Israel in Lebanon
The Report of the International
Commission to enquire into reported
violations of International Law by
Israel during its invasion of the Lebanon
Majority Note on Genocide and Ethnocide
One of the most serious allegations which can be made against a government is that it is either guilty of the crime of genocide or that its policies are genocidal in intent. The emotiveness of such an accusation, in the context of the invasion of Lebanon, is increased when it is recognised that the development of international rules and a moral sensitivity arose largely because of the experience of the Holocaust and the mass extermination policies of the Nazis towards racial or national groups.
The Commission is aware that Israeli policies towards Palestinians have been described as ‘genocidal’, either in relation to the overall policies of the Israeli State towards Palestinians in general or because those adopted in the occupied West Bank, Gaza Strip and East Jerusalem since 1967 and the attempts to remove the Palestinian presence in Lebanon from 1967 onwards.
The particular form of genocide as applied to the Palestinians does not appear to be aimed at killing the Palestinians in a systematic fashion. It could be argued that if this was the intention, many more could have been killed. The specific form of genocide which can be said to apply is the adoption of all kinds of measures, short of killing, to destroy the national culture, political autonomy and national will in the context of the Palestinian struggle for national liberation and self-determination.
The definition of genocide is not limited to the formula adopted by the United Nations in of 1948. The legal concept of genocide is quite consistent with identifying policies designed to destroy the identity and will of a national group, as well as the Nazi paradigm of the Holocaust.
Governments rarely, if ever, declare and document genocidal plans in the manner of the Nazis. It is from the effect of governmental policies and, on occasion, articulated reasons for particular behaviour, that intent and objective can be identified. But the notion of genocide was never meant to cover simply the physical extermination of a people. Long before the adoption of the United Nations Convention on Genocide in 1948 Raphael Lemkin, who coined the word, explained that genocide was intended to signify a co-ordinated plan of different actions aiming at the destruction of the essential foundations of the life of national groups, with the aim of annihilating the groups themselves.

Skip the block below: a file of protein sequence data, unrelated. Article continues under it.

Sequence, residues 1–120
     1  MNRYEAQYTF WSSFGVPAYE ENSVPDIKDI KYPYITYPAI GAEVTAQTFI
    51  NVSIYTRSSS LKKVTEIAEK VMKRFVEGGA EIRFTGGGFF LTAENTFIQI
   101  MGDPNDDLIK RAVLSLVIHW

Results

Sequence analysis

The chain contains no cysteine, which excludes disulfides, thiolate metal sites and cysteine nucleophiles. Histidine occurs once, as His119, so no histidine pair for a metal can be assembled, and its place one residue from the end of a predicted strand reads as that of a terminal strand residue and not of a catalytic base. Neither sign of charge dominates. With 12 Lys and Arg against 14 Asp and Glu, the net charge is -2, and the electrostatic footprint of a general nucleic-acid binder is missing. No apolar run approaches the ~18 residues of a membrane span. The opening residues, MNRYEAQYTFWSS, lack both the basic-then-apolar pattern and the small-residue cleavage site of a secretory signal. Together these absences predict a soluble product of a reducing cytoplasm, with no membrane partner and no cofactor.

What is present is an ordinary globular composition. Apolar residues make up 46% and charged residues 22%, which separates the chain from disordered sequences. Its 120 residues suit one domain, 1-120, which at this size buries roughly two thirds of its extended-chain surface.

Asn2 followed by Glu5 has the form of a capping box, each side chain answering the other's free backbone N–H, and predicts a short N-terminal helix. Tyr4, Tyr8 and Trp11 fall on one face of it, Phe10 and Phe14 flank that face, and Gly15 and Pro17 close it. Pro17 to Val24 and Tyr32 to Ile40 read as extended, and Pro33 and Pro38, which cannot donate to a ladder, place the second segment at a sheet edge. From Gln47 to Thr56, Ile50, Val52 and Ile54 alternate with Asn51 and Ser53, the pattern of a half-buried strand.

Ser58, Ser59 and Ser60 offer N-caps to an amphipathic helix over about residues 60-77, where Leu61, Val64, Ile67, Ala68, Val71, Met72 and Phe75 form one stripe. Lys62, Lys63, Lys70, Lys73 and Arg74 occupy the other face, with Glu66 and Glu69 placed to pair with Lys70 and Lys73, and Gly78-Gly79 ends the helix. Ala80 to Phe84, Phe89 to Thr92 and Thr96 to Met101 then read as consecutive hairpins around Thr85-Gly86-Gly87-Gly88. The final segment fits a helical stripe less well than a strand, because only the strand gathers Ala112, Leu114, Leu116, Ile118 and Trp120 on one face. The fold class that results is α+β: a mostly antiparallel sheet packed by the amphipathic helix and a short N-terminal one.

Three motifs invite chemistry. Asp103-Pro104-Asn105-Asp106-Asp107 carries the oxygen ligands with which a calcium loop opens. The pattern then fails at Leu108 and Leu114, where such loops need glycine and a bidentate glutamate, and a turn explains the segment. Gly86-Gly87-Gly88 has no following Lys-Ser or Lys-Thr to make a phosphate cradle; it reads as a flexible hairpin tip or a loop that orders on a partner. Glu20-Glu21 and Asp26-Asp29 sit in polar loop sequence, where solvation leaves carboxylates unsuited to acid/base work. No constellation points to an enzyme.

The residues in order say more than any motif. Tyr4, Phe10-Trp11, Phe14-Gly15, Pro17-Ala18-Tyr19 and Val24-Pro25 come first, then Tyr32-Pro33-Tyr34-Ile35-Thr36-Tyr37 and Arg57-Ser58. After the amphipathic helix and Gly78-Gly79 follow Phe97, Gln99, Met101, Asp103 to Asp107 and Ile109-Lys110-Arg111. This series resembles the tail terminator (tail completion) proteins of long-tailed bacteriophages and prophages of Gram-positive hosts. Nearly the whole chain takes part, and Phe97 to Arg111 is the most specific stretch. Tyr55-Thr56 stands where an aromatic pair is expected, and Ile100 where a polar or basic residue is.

The Nuremberg War Crimes Tribunal in 1946 saw the first international illustration of the use of the word, in the indictment constituting crimes against humanity. The General Assembly of the United Nations, in a resolution adopted unanimously (Res. 96-1, 1946), laid down that the crime of genocide could also occur independently of war crimes or a war of aggression.
The formal legal basis of the crime of genocide is that provided for by the United Nations Genocide Convention, adopted by the General Assembly in 1948 and ratified by Israel, among a large number of states. Genocide is confirmed as a crime under international law whether committed in time of peace or in time of war (Article I).
Article II defines genocide, for the purpose of this Convention (emphasis supplied), as the enumerated acts committed with intentto destroy, in whole or in part, a national, ethnic, racial or religious group, as such. The acts enumerated are:
(a) Killing members of the group;
(b) Causing serious bodily or mental harm to members of the group;
(c) Deliberately inflicting on the group conditions of life calculated to bring about its physical destruction in whole or in part;
(d) Imposing measures intended to prevent births within the group;
(e) Forcibly transferring children of the group to another group.
Article IV imposes liability on individuals ‘whether they are consti